Applying genetic strategies to prevent atherosclerosis

Roger R. Williams, Paul N. Hopkins, Lily L. Wu, Steven Hunt

Research output: Chapter in Book/Report/Conference proceedingChapter

1 Citation (Scopus)

Abstract

Atherosclerotic disease of coronary and cerebral arteries accounts for almost half of all deaths in the United States each year. Heart attacks and strokes are often attributable to inherited predisposition, especially when they occur at a relatively early age. Researchers are accumulating information regarding the role of genetics in influencing the risk factors for atherosclerosis in several major categories, including lipids and lipoproteins (LDL HDL and VLDL cholesterol; Lp(a); triglycerides; apo ALAII, and B; apo E genotypes); glucose and insulin metabolism (diabetes, glucose intolerance, and insulin resistance); prothrombotic factors (fibrinogen, plasminogen activator inhibitor-1, factor VII coagulant activity, homocysteine); and hypertension. This chapter discusses the basic approaches for evaluating and addressing heritable factors for atherosclerosis.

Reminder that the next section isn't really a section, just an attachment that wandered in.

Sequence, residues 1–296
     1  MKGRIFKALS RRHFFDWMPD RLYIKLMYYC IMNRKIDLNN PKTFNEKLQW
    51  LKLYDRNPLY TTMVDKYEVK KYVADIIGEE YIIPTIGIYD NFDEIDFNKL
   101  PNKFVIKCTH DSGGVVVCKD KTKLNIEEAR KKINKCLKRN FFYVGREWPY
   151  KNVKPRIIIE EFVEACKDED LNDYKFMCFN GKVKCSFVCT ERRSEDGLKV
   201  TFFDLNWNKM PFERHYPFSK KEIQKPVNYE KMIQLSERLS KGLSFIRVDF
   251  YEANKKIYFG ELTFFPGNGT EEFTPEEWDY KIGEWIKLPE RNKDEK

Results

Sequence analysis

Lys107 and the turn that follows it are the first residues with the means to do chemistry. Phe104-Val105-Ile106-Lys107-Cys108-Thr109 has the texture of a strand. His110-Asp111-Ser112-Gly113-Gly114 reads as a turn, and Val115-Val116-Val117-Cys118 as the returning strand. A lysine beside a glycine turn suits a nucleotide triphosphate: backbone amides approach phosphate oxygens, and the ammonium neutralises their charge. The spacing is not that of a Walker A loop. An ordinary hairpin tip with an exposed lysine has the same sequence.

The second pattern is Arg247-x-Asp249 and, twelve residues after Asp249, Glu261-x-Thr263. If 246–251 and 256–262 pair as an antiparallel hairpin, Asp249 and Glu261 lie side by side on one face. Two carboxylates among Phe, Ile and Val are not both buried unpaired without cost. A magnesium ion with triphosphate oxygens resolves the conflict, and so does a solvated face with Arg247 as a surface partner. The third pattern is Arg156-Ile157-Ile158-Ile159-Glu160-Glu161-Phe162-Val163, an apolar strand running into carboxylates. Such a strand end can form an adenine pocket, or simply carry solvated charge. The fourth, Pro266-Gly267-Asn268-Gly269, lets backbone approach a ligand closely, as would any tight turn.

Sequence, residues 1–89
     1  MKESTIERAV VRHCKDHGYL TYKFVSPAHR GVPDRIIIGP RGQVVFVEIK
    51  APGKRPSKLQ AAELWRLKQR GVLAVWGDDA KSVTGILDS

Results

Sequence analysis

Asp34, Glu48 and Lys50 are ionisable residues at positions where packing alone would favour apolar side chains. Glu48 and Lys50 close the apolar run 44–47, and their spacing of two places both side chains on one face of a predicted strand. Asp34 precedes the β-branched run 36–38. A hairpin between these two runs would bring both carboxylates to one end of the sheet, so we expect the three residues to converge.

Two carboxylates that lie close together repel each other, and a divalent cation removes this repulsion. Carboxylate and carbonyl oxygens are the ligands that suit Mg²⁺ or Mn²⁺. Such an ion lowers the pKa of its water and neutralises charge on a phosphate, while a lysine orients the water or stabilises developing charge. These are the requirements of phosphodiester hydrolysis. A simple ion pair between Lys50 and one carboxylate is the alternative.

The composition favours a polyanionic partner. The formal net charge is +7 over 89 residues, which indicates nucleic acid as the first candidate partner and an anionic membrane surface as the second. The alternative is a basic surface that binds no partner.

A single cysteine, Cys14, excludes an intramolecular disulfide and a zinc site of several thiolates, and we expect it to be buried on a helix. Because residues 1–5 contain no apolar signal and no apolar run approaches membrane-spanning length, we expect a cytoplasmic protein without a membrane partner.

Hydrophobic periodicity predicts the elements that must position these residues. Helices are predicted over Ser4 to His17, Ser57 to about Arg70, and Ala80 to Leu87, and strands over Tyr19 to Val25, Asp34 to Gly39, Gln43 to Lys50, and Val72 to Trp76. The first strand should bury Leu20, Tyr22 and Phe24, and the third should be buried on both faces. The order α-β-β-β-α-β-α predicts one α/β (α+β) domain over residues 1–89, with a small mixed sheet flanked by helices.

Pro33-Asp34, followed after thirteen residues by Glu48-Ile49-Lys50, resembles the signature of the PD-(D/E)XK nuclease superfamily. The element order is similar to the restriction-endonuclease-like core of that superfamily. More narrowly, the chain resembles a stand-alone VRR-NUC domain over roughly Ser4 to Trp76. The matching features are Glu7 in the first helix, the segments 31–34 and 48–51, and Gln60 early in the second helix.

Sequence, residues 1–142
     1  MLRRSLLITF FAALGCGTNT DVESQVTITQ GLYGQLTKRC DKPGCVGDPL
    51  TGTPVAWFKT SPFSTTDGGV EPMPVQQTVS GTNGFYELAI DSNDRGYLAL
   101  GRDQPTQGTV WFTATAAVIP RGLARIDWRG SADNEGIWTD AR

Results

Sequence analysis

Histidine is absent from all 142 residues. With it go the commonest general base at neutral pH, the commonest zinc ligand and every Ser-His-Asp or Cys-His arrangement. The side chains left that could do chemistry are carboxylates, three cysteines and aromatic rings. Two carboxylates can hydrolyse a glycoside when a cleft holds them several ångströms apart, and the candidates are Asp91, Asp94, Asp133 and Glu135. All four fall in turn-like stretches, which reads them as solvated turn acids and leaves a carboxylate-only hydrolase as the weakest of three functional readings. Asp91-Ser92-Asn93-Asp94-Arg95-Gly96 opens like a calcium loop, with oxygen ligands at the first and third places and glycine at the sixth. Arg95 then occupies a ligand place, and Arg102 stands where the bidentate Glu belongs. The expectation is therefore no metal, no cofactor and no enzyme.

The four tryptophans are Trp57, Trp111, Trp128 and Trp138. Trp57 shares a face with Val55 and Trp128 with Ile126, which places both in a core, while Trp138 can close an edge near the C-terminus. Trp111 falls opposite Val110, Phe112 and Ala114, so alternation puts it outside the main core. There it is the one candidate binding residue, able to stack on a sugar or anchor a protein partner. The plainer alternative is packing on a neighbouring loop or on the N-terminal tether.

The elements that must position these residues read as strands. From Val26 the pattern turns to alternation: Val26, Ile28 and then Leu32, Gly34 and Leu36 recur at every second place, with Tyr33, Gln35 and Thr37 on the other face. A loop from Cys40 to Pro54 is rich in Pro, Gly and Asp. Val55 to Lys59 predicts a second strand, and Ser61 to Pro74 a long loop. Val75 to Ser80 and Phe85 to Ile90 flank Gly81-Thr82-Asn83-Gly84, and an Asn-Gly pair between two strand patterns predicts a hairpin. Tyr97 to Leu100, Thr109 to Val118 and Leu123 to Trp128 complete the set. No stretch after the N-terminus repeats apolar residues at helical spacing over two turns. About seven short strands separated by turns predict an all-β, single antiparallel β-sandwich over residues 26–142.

Original languageEnglish
Title of host publicationGenetics and Public Health in the 21st Century: Using Genetic Information to Improve Health and Prevent Disease
PublisherOxford University Press
ISBN (Electronic)9780199864485
ISBN (Print)9780195128307
DOIs
Publication statusPublished - 1 Sep 2009
Externally publishedYes

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Keywords

  • Atherosclerotic disease
  • Genetic factors
  • Heart disease
  • Public health
  • Strokes

ASJC Scopus subject areas

  • Medicine(all)

Cite this

Williams, R. R., Hopkins, P. N., Wu, L. L., & Hunt, S. (2009). Applying genetic strategies to prevent atherosclerosis. In Genetics and Public Health in the 21st Century: Using Genetic Information to Improve Health and Prevent Disease Oxford University Press. https://doi.org/10.1093/acprof:oso/9780195128307.003.0024